Residents raise concerns over proposed subdivision in Bedford
BEDFORD — Speeding traffic and poor visibility are some concerns abutters voiced to the Planning Board about a proposed seven-lot subdivision on McAllister Road.
At its meeting on Monday, the board also approved a driveway off Nashua Road for the Bedford Village Shoppes, an outdoor patio at Tek-Nique restaurant, and extended Thanksgiving holiday shopping hours at Target on South River Road.
Ray Shea, of Sandford Surveying and Engineering, presented the conceptual plan for a 980-foot cul-de-sac off McAllister Road to access the proposed subdivision containing seven homes, including an existing house lot.
Shea was speaking on behalf of property owner Bryant Lahey.
Shea said the plan presents challenges because of traffic line of sight and wetlands.
"Wallace Road is not a viable access because of wetland," he said.
Several residents voiced concerns about safety. The lot slopes down from east to west from a high point near McAllister Road.
"That's a very dangerous spot right now. I can tell you for someone with four small kids and with a bus stop that's at the end of my driveway at McAllister and Pasture (Lane), my kids can't go out there by themselves," said abutter Sean Flanagan. "The slope that comes down from Wallace, you'd be surprised at the number of cars that barely make that turn."
He said there's been an increase in traffic, especially with the new Market Basket, snow piles in winter and a nearby development.
Other concerns from abutters included a potential increase in water run off to properties along McAllister Road, poor traffic line of sight on several roads, a consistent dip in a road on Pasture Lane creating a need for wide turns to McAllister, and speeding traffic.
The existing site is mostly wooded with an existing house built in 1936 and a barn at the northeast corner of the lot. The land is zoned residential and agricultural, and requires lots be at least 1.5 acres and have 150 feet of frontage.
The board agreed to conduct an on-site review of the property, which does not mean approval of the plan, said Planning Board chairman Paul Goldberg.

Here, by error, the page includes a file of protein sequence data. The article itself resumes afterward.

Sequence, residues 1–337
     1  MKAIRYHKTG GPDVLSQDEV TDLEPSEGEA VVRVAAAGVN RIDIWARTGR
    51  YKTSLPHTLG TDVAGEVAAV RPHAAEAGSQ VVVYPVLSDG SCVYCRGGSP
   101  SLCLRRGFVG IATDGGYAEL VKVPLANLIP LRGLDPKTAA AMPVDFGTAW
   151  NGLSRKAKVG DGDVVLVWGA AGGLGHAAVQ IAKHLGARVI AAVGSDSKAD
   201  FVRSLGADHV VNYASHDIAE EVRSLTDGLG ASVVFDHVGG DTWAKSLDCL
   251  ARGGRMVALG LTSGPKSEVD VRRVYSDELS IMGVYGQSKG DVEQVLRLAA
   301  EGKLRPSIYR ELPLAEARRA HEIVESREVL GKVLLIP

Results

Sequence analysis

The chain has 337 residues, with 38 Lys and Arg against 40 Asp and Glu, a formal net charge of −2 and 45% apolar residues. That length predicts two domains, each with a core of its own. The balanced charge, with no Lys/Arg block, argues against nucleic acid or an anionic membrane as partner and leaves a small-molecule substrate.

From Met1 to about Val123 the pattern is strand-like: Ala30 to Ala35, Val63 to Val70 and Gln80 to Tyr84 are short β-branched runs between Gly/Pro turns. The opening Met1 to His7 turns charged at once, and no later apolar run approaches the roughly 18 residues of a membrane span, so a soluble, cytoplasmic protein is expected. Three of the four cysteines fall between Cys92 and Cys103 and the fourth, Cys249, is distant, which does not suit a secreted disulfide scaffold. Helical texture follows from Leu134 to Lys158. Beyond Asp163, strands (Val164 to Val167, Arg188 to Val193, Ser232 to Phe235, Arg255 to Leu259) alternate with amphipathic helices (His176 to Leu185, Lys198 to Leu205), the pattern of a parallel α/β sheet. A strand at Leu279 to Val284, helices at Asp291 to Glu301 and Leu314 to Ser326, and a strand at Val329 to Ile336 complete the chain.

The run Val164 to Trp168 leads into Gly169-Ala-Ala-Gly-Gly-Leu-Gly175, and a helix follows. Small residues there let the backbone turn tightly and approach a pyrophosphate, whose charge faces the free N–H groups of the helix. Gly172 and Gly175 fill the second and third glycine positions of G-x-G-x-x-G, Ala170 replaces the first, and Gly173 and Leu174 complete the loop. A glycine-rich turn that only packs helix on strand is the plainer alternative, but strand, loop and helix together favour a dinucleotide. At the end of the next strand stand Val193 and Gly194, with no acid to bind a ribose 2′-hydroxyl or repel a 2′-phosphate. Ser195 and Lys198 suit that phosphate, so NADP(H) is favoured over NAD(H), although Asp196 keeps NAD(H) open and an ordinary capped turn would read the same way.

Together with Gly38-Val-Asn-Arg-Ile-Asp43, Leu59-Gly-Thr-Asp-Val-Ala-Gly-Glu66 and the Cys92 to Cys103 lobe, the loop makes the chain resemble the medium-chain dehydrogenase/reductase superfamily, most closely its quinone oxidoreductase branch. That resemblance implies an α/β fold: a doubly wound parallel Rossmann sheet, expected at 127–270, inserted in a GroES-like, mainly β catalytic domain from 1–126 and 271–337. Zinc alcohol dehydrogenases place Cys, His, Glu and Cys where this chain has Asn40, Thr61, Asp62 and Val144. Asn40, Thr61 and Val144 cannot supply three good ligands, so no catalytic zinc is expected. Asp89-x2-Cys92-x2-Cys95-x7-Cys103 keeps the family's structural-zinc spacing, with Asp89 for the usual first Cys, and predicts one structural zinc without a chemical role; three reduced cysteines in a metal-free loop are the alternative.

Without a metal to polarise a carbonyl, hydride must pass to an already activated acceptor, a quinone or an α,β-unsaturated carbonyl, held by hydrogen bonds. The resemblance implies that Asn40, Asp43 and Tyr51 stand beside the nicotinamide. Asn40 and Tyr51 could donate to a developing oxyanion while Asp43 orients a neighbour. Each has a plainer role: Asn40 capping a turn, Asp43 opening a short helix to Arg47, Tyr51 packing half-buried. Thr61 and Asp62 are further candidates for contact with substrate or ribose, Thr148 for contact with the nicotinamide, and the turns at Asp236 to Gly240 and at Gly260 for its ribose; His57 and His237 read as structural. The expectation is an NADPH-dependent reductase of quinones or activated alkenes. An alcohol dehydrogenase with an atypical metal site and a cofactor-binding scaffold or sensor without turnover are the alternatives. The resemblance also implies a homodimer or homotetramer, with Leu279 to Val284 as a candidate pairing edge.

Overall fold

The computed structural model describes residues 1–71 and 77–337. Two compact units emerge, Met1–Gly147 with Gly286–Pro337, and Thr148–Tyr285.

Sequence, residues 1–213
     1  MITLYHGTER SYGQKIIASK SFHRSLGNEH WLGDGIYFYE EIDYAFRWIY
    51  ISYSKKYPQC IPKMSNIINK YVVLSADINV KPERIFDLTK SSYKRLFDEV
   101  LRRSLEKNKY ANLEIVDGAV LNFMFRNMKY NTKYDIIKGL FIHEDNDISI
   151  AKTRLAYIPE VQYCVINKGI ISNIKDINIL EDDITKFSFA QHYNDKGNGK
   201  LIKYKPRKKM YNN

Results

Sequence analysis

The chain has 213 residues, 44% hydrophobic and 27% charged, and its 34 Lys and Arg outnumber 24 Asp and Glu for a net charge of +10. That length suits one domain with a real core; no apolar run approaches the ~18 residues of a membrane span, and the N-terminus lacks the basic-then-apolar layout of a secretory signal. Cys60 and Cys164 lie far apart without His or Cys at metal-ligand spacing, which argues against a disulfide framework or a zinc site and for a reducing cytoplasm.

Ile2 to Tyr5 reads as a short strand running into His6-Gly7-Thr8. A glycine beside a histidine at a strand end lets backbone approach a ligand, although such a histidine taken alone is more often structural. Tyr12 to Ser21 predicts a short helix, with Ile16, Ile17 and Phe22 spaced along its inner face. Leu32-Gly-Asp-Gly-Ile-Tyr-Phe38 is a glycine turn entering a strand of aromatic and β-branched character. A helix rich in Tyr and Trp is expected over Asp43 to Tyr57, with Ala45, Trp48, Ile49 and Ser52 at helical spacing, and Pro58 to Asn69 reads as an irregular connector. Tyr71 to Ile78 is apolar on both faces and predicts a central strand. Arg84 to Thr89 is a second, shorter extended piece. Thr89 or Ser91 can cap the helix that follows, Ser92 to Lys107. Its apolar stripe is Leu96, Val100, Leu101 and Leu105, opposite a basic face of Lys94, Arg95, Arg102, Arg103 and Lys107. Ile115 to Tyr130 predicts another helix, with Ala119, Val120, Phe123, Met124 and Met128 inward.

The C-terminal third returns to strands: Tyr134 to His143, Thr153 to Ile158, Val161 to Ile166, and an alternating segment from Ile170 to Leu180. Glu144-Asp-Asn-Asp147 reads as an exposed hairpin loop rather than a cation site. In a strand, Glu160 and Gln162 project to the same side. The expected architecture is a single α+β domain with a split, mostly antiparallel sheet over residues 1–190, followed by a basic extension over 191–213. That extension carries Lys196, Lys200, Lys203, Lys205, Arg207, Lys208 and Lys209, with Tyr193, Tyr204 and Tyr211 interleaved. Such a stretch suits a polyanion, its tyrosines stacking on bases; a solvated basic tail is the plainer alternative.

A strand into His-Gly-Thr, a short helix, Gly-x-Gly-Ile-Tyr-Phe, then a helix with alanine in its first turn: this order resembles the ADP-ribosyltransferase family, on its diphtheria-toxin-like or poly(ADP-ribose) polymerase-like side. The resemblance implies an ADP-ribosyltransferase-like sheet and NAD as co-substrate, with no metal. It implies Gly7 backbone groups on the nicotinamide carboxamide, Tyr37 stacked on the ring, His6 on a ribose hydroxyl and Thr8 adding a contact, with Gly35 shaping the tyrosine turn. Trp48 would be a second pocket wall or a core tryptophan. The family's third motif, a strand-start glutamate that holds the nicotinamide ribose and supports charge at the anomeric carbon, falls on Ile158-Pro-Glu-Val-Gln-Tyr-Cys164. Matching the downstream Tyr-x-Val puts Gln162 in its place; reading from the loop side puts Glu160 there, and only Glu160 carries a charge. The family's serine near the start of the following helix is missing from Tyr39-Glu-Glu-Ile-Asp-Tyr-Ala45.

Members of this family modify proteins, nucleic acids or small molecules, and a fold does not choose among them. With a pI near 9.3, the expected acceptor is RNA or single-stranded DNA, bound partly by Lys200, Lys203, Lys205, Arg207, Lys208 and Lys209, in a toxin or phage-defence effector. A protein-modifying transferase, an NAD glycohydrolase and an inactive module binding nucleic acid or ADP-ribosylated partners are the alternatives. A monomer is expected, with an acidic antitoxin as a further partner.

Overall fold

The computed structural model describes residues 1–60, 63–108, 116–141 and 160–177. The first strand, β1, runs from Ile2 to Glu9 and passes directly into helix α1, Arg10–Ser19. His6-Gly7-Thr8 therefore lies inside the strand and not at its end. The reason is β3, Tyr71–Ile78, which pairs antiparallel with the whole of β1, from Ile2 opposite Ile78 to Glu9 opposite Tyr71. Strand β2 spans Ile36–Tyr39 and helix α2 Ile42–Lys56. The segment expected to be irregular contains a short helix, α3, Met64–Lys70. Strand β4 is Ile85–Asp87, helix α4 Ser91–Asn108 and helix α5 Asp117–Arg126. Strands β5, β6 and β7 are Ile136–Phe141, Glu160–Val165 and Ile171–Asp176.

Alan Clark, on behalf of property owners Bedford Village Shoppes Condominium Association, went before the board seeking site plan approval to build a 22-foot driveway from Nashua Road into the rear parking area of the shopping center, and adding a 25-foot by 48-foot, 72-seat outdoor patio at Tek-Nique. The existing restaurant has a capacity of about 110 guests.
"It's the hope the patio would increase the summer business for the restaurant, which historically is a slower period for business," Clark said.
The patio is expected to add about 19 additional traffic trips during evening peak hours, he said.
The board approved two waivers — building a driveway off Nashua Road for the Bedford Village Shoppes within a 30-foot boundary setback, giving the town's planning director discretion on the final location; and the relocation of Tek-Nique restaurant's Dumpster. The plan had proposed a third waiver of no screening around the Dumpster but it was withdrawn by the applicant. The Dumpster will be located about 100 feet from the patio.
In questioning the distance from the Dumpster to the patio, Councilor Bill Dermody said: "Is it within smell distance? That's not the technical term."
After some discussion about the required 400 feet line of sight distance entering and exiting the driveway, Clark said he wants to make sure all requirements will be met.
The property is served by a well and a septic system, which needs replacement.
"The septic system at Bedford Village Shoppes is in failure so we're in the process of connecting to municipal sewer on Nashua Road and bringing water from Pennichuck Water Works," said Clark. "This will certainly be a plus for the Bedford Village Shoppes as well as improve fire department capabilities."
The driveway plan would remove 17 parking spaces in the back area to be replaced with green space.
Patrick Chaffee, acting store team leader for Target Corp., was granted approval to permanently extend the store's shopping hours from 7 a.m. on Thanksgiving to 10 p.m. the following day. The store must meet the condition that it coordinates coverage with the police department.
"Every year at this time, we get a request for extended hours. This makes it more permanent. It's just a formality," Goldberg said.
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